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Comet West, 1976
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Comet West as photographed from the Lick Observatory in 1976 March. Comet West, officially known as C/1975 V1, 1976 VI, and 1975n, was an awesome comet that was sometimes considered to qualify for the status of great comet. A Great Comet is a comet that becomes exceptionally bright; there is no official definition, often the term will be attached to comets that become bright enough to be noticed by casual observers who are not actively looking for them, and become well known outside the astronomical community. Great Comets are rare; on average only one will appear in a decade. While comets are officially named after their discoverers, Great Comets are sometimes also referred to by the year in which they appeared great. A comet is a celestial object that orbits the Sun along an elongated path. A comet that is not near the Sun consists only of a nucleus,a solid core of frozen water, frozen gases, and dust. When a comet comes close to the Sun, its nucleus heats up and releases a gaseous coma that surrounds the nucleus. A comet forms a tail when solar heat or wind forces dust or gas off its coma, with the tail always streaming away from the Sun. Short-period comets have orbital periods of less than 200 years and come from the region known as the Kuiper belt. Long-period comets have periods greater than 200 years and come from the Oort cloud. The Lick Observatory is an astronomical observatory, owned and operated by the University of California.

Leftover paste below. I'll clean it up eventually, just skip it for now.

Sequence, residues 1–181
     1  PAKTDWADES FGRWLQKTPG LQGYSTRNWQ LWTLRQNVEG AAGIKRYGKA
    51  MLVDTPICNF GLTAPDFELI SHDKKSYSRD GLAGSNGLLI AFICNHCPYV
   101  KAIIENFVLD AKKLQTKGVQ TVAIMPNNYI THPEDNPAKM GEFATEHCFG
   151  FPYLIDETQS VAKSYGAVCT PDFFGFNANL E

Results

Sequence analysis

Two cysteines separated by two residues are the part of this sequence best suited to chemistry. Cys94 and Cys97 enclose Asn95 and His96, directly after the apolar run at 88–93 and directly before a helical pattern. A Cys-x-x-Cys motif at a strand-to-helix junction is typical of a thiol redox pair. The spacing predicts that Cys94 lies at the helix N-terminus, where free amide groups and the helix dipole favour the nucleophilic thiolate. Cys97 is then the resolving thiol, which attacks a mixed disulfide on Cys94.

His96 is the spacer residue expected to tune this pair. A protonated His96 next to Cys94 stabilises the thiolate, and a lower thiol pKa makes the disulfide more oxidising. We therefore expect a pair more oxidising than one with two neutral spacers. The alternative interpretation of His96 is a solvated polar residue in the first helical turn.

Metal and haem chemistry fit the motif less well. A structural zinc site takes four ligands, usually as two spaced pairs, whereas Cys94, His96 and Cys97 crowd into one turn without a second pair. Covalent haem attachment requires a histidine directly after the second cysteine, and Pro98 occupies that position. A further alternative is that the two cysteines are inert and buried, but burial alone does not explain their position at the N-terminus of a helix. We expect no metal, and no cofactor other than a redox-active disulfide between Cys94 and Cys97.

May 30th, 2013
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